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>> are you giving up your rights, to a certain extent, when you go on facebook and post intimation? granted, you have privacy settings. >> i do not know whether i would put it that way. our rule is that if a company like facebook is entering into a bargain with you, conditioned by a privacy policy that gives you some controls, the company has to abide by that. if they want to make a change in the policy, they have to get your permission before the changes are made. i hope that you're not giving up more privacy than you agree to give up. to us, that is the fundamental bargain here. but in answer to your question,
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we now know the personal data is a commodity, and it is being traded in online auctions every minute of everyday. part of our goal is to make sure that people understand what the nature of that bargain is and how to make sure that they are comfortable with the bargain. >> given the global nature of the internet, how does that affect what you do what the ftc? >> most of the companies that are driving this process are u.s. companies. i go abroad. people are very anxious to know what we are doing. in terms of the privacy issue, the fact that we are a global does not change things very much. we see lots of frauds being directed at u.s. citizens from outside our borders.
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we're entering into international dialogue and agreements to help us bolster our law enforcement capacity, and i think we have been reasonably successful. but in the privacy realm these are global companies, but we have jurisdiction. we are worried about cloud computing. >> which is something the deal, administration is pushing. >> cloud competing offers all sorts of economic benefits, but it does raise questions. suppose you are on a social networking site that has its server in a different country?
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we argue that they should be subject to u.s. law, and we would sanction that company as if they were down the road. >> would be a sanction the company whose data is being explored, or the company will is operating the servers? >> we would require any company to take reasonable precautions to make sure that the data is secured. if the social networking site chooses to store its data outside the territorial united states, we will hold the social network responsible because, in our view, it would have a duty to ensure that anyone that it dealt with maintained adequate and reasonable safeguards. we would go after the social networking site even though the data breach may have occurred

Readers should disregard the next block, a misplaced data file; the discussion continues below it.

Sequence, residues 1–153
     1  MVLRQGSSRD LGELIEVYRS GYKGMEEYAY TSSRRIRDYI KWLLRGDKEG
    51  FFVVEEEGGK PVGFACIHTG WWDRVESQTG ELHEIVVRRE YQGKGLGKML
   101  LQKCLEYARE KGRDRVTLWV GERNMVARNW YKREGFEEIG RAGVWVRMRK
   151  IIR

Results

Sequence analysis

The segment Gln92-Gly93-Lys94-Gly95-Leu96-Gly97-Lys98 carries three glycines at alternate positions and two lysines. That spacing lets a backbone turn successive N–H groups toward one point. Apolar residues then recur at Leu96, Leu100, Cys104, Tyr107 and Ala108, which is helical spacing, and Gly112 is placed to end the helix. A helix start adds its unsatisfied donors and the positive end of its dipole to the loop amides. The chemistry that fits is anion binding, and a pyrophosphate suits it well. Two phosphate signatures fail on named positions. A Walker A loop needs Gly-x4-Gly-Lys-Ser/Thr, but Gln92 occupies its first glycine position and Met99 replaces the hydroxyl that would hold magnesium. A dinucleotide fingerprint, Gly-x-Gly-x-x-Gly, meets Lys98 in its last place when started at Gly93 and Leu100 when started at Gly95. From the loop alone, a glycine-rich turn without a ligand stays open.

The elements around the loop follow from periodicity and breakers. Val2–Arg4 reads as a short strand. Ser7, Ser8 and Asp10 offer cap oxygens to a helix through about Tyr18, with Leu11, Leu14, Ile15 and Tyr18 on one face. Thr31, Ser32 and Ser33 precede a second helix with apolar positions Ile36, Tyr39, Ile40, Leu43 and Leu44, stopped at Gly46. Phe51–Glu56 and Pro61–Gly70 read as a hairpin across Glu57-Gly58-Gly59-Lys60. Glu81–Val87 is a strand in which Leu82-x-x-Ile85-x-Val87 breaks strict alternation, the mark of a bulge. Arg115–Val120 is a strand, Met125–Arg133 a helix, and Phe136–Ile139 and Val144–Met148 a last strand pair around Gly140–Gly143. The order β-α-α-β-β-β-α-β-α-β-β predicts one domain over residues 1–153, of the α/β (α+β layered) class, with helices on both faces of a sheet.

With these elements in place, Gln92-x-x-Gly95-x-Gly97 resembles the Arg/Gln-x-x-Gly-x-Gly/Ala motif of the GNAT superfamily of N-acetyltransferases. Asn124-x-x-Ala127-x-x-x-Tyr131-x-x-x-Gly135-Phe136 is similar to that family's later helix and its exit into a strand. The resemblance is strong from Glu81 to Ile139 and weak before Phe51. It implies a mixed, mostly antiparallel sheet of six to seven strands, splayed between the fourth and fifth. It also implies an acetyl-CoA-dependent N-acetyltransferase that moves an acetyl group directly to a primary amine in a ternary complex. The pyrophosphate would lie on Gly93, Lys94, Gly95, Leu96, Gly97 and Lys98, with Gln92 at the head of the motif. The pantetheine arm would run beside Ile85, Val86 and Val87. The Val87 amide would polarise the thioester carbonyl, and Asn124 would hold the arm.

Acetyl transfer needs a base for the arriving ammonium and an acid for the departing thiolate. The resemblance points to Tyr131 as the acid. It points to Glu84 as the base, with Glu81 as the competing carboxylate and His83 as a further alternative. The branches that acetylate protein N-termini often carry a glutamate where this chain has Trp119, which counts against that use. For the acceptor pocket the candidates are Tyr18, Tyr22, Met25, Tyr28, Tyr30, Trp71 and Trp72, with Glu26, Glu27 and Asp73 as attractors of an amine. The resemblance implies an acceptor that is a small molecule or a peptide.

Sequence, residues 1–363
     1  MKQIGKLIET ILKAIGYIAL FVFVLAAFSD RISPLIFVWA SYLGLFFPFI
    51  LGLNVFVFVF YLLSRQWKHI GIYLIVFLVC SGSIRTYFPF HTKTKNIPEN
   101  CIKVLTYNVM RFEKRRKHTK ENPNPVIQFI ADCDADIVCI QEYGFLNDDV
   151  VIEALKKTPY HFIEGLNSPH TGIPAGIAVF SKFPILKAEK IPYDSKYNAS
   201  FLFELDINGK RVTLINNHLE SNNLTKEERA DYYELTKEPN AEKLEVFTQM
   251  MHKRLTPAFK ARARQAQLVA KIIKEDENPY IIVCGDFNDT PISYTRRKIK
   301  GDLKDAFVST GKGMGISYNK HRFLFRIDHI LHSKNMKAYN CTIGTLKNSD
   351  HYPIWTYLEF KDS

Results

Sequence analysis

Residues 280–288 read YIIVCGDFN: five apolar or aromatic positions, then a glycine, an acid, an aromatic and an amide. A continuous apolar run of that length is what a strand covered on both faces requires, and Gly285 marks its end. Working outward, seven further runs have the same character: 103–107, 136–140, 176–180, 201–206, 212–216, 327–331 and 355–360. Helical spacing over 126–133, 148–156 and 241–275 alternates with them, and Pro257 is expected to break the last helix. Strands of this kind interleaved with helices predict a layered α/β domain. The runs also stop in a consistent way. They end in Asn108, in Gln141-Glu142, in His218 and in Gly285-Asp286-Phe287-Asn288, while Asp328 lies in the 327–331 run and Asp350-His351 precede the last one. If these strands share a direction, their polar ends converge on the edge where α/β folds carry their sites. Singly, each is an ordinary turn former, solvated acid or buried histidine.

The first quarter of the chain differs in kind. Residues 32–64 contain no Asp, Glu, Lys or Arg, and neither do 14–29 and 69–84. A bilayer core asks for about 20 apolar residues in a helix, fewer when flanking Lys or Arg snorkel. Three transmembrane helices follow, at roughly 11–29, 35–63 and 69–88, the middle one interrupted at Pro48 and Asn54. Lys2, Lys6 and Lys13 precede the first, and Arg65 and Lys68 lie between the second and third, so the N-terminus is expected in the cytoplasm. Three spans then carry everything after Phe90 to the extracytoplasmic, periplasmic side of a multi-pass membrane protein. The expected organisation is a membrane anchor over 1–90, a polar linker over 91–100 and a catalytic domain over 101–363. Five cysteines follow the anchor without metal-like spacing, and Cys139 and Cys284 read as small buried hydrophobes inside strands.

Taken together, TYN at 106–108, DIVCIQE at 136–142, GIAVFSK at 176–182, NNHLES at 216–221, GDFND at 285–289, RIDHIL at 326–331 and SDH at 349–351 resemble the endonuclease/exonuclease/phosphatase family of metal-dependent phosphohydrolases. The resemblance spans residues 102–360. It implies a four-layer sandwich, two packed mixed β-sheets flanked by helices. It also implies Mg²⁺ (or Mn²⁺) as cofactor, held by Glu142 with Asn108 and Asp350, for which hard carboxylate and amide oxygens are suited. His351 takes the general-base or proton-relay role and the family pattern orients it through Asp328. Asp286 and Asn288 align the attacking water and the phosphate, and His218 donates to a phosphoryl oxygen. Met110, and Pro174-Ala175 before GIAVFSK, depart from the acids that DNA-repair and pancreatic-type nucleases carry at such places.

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somewhere else. >> do you have adequate authority? this goes back to my earlier question about legislation. one of the bills would require consumers to be notified within 60 days of a breach that they could be subject to identity theft. do you need legislation to mandate that kind of action? >> we do not. i mentioned earlier that we have brought a lot of data security cases. we have required companies to do all of the things you are talking about and much more. what i was mentioning earlier is that we do not have the authority, except in some areas, to impose civil penalties for these breaches.
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some data breaches are just intolerable, and if we had a civil penalty authority, we would try to exercise it. >> we have time for one more question from each of us. when it comes to financial security and privacy, are there special rules, because so many people do online banking now? >> yes, there are. we are quite a vigilant, as are the banking industries. i am worried about -- we have not mentioned a key issue, which is the transference of computing to mobile devices. we have party figure this out in our forensic labs. -- we have already figured this out in our forensic labs.
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if you did online banking, the hard drive on your smart phone would retain all of your financial informations. that could be a problem. there is a huge migration to smart phones, and that is an area we are taking a very hard look at. there have to be adequate security controls on these new devices to make sure that the applications are not easily hacked into. >> do you think there is a way to find a balance between the need for on-line companies to have advertising to support them financially and supporting privacy? >> that is an important question. 26% of the quarterly earnings from advertising revenue

The Communicators
CSPAN September 11, 2010 6:30pm-7:00pm EDT

News/Business. People who shape the digital future.

TOPIC FREQUENCY Microsoft 2, Washington 1, Berkeley 1, Pennsylvania 1, The Nation 1, Facebook 1, Twittere 1, Cyberspace 1